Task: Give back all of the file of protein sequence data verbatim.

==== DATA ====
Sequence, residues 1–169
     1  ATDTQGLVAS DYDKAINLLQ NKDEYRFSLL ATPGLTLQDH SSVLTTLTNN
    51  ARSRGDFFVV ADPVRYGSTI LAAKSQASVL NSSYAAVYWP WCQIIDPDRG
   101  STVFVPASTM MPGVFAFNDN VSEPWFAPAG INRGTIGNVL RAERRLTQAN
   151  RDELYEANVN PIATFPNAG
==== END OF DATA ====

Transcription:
Sequence, residues 1–169
     1  ATDTQGLVAS DYDKAINLLQ NKDEYRFSLL ATPGLTLQDH SSVLTTLTNN
    51  ARSRGDFFVV ADPVRYGSTI LAAKSQASVL NSSYAAVYWP WCQIIDPDRG
   101  STVFVPASTM MPGVFAFNDN VSEPWFAPAG INRGTIGNVL RAERRLTQAN
   151  RDELYEANVN PIATFPNAG